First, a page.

Australian Newsagency Blog

A blog on issues affecting Australia's newsagents, media and small business generally.

Increasing unemployment

Mark Fletcher
November 29th, 2008 · 9 Comments

A newsagent in country Victoria has let a casual employee go last week following the replacement of their computer software.  The different approach to magazine returns and stock management in the business resulted in sufficient efficiencies to eliminate the role altogether.

While this sounds like an ad for Tower Systems, the software company I own, I have been thinking more about the focus of the newsagent to achieve genuine benefits from investments like in  software. Too often, I see newsagents do something which saves time only to not use the saved time to their personal or financial advantage.  There is no point pursuing efficiency if you are not going to make it count for your business.

This country Victorian newsagent is now a couple of hundred dollars a week better off because they wanted what the sales pitch said could be achieved.  They did this themselves.  Sure they were trained, but the achievement is theirs and kudos to them for that.  They have done more than many newsagents who don’t make computer systems and other infrastructure investments in their businesses pay off what they promise.

I can arrange contact details or anyone who wants to verify the story about the time saved by the switch and the decision to let the employee go.

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Category: newsagent software

9 responses so far ↓

  • 1 philip // Nov 29, 2008 at 9:54 PM

    What about the human element?

    The person “let go” is now unemployed… without income, just before Christmas. Really, the technology enabled a person to lose their job at the altar of business efficiency.

    Behind every statistic is a human heart.

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  • 2 Andy // Nov 29, 2008 at 11:15 PM

    Have to say I agree with Philip, you are cheering the fact that this guy is now unemployed through no fault of his own – and being in the country employment opportunities are not easy to come by as it is. I hope the guy manages to have a good Christmas

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  • 3 Vaughan // Nov 30, 2008 at 5:19 AM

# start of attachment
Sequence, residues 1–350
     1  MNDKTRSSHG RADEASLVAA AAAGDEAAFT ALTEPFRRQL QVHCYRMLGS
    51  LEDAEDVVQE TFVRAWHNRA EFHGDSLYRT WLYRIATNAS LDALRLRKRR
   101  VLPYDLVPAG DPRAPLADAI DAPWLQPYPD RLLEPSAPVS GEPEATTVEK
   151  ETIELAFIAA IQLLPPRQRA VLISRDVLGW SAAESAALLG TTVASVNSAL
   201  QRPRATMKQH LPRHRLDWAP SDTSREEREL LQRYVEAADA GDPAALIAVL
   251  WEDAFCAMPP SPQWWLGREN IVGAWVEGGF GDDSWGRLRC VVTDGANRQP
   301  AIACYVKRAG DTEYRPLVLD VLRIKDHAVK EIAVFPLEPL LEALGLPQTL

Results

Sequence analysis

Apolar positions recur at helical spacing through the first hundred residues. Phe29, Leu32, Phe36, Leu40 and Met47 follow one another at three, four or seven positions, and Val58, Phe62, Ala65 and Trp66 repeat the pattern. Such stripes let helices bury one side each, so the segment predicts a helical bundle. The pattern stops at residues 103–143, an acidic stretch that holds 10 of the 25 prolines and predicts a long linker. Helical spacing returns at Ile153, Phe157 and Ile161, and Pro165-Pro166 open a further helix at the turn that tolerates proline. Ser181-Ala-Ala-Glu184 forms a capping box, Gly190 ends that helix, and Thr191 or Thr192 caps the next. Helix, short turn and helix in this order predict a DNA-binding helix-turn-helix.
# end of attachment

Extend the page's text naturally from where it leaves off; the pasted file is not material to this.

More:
Phillip / Andy;
    Based on your comments i would assume you don’t own a business.
    Maybe you should be directing your comments to the publishers who supply newsagents at a margin that has not changed for decades?
    Unfortunately, when looking at reducing costs, employees are one of the first to bear the brunt. Business owners don’t have the luxury of making a wrong decision just because it is Christmas.

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  • 4 Shayne // Nov 30, 2008 at 6:26 AM

    Many small businesses are doing it tough – something has to give. Phillip, didn’t you see the news recently where the big banks (who are certainly not doing it tough) announced thousands of job losses to cut costs?

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  • 5 Mark // Nov 30, 2008 at 7:43 AM

    Philip,

    You are right to remind us that there is another side to this. Knowing the people involved I am sure they would have considered this. In this case, the saving to the business is vital in the business providing an income, as opposed to no income, to the newsagent.

    Small businesses need to find ways to cut costs. I know of newsagents working 80 hours a week for a take home of $500. If these people cold increase that to $700 a week by working smarter and letting a casual employee go then I’d say good on them.

    Part of the problem here is processed newsagents are forced to adhere to which are labour intensive. The other part is the fixed low margin for parts of the newsagent product mix – some items return today barely 10% more than what they returned ten years ago. In real terms, in these cases, newsagents have fallen behind while rent, wages etc have increased every year.

    This is the human element.

    Mark

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  • 6 anon // Nov 30, 2008 at 9:22 AM

    Sorry Phillip/Andy

    we are working out proverbial butts off to survive – casual employees will dump you as quick as a telstra share if they find something easier and better suited to their needs. It is a precarious relationship between employers and casuals. Our casuals are fantastic and we treat them as such but there is a unspoken understanding that either one of us could end the relationship tomorrow
    God speed

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  • 7 steve // Nov 30, 2008 at 3:24 PM

    As a store owner I look at efficiency as a means to direct saved energy into additional income generating opportunities.That is perhaps how this should have been viewed and handled…make savings through technology, redeploy staff in new areas, grow your business and continually develop your relationships with customers, staff and the community. It is these relationships that keep you in business.

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  • 8 Mark // Nov 30, 2008 at 3:48 PM

    Steve, I know the business and in this instance the decision was the right one. Yes, there re sometimes opportunities for redeployment, but not always. Mark

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  • 9 jack // Dec 1, 2008 at 9:37 AM

    Anon,
    you are spot on
    Just when you thought your casual employment pool was stable and functioning well, one of the casuals decides that KFC is offering more hours.
    In one case only to have that particular casual return asking for her job back!

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